Tuesday, February 11, 2014

'Groomsmen' Knives

One of the things I am getting requests for increasingly are custom blades as gifts on the male side of the modern wedding ritual *.

The commission was for a pair of roughly 4 inch blades, made of layered steel, with 'pale' wooden handles. The customer had sent me an image of a commercial blade shape he liked.

The blades are made of roughly 400 layer 'flat stack' layered up from mild, high carbon and L6 alloy steels. The handle material is maple.

The finished knives.
Showing the distress pattern on the flat billet
The blades as rough forged, after annealing.
Polished, Hardened, Polished again - after Tempering (colours still showing).
After a fast etch, just to get a glimpse of the surface patterning.
The construction of the billet resulted in a flat stack at about 200 layers (three welding phases). This was drawn to a long bar, about 5 - 7 mm thick. The surface was distressed by using a pointed stone on my air die grinder. This produced a series of shallow rough tear drop cuts into the layered surface (on one side only). Each cut was about 2 cm long by 1 cm wide, about 3 mm deep.

At this point the bar was flattened again, cut and welded again with a high carbon steel core.
This has become my method when working with layered steel. This provides the hard cutting edge for a useful tool from the carbon core, but protected with the layered steel outer slabs. the layered steel is primarily a decorative effect in a blade in this size.
This final billet was drawn to the size needed to start forging the two matching blades.

Forge the actual blades. (total of 2 hours within the overall process).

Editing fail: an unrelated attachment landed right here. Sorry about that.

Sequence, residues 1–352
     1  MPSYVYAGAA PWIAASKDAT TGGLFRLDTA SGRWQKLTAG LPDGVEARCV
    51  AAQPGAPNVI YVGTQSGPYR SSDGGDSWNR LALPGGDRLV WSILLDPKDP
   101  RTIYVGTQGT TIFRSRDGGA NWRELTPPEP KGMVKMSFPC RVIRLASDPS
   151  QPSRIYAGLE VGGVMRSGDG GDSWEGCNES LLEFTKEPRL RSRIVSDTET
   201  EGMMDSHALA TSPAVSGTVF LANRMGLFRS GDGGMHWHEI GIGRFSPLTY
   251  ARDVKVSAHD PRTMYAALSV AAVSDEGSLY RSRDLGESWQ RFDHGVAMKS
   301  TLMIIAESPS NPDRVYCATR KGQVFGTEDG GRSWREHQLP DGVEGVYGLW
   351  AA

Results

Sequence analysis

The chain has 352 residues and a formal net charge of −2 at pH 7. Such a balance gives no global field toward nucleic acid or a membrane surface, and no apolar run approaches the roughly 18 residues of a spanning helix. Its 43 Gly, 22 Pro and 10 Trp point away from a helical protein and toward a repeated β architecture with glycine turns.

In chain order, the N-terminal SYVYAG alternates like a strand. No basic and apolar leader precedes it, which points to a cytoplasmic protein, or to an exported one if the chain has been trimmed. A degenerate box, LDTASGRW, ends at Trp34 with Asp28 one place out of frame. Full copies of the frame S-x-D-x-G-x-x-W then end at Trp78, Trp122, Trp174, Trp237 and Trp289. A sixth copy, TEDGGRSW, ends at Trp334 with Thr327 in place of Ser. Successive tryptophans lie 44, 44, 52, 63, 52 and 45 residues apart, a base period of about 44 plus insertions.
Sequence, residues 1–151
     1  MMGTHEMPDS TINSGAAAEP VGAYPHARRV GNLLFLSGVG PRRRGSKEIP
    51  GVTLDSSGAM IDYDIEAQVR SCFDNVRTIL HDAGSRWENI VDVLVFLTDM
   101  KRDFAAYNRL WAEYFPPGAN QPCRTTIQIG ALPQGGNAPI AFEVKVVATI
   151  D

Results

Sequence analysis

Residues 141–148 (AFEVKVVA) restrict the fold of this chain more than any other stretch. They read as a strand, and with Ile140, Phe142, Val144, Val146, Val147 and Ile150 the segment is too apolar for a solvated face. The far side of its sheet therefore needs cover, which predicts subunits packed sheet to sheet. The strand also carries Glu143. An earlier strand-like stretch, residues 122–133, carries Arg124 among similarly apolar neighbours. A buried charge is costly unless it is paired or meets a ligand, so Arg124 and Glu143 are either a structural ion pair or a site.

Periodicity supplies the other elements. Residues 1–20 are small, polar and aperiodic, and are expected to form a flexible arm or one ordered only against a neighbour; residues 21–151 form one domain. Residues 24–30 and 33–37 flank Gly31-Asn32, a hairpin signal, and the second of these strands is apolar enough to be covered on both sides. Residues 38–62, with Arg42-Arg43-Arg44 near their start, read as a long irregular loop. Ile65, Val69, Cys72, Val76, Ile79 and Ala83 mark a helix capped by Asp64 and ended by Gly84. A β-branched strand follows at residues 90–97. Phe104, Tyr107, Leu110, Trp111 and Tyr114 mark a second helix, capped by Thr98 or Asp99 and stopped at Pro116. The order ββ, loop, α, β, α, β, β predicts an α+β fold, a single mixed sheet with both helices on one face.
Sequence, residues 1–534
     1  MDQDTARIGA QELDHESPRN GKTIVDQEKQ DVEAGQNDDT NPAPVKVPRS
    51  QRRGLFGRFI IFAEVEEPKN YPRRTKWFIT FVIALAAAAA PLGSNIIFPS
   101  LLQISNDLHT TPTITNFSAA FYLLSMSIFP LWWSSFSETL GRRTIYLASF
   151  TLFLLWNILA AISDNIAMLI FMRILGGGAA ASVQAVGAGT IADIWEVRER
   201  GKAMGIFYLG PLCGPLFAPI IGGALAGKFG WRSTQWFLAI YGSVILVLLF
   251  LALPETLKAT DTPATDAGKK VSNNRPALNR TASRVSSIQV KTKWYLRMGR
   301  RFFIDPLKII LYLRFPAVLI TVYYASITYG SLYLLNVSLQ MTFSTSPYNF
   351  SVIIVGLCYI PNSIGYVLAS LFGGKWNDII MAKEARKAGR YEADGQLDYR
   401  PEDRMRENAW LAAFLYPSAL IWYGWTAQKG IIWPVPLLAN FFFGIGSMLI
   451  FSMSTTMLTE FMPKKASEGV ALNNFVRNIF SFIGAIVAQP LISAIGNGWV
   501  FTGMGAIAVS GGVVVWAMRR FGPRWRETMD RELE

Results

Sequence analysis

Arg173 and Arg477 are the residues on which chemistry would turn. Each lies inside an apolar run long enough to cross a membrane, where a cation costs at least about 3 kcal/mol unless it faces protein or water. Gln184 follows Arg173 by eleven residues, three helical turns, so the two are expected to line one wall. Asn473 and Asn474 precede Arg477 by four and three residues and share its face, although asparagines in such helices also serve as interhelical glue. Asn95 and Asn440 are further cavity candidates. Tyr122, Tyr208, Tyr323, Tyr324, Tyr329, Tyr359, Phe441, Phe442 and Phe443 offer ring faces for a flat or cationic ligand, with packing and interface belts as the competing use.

One rough shaping polish, second surface polish.
Harden (Oil quench in this case), Heat soak (!!)
Fast cleaning polish, tempering.

I like to do my heat treating 'by eye' - to create a 'zone temper' result. You can see the resulting tempering colours, a blue along the back to a straw on the cutting edge.

Final surface polish
Etch (once in nitric for depth, again in ferric for colour)
Prepare, apply wood blocks, shape with files, sand smooth.

Total elapsed time for the two matching knives - 20 hours.

I would not have chosen this hilting material or shape. Left to my own artistic choice, I would have used a natural antler tube for these knives. This was entirely the customer's order however. 

* What I have been finding is that there is a cultural shift happening - directly because of the impact of the overwealming growth of the commercial wedding industry, with its stress on the 'perfect fairytale' - and the massive costs involved. Watching their brides  spending increadible amounts on, well, virtually everything, there is a increasing backlash of 'well, *I'm* getting something special too'.

One caution to those reading and dreaming :
See the total time?
What is 20 hours of your work time worth?
Guess how much this kind of specialist work should command?

'Nuff Said?

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February 15 - May 15, 2012 : Supported by a Crafts Projects - Creation and Development Grant

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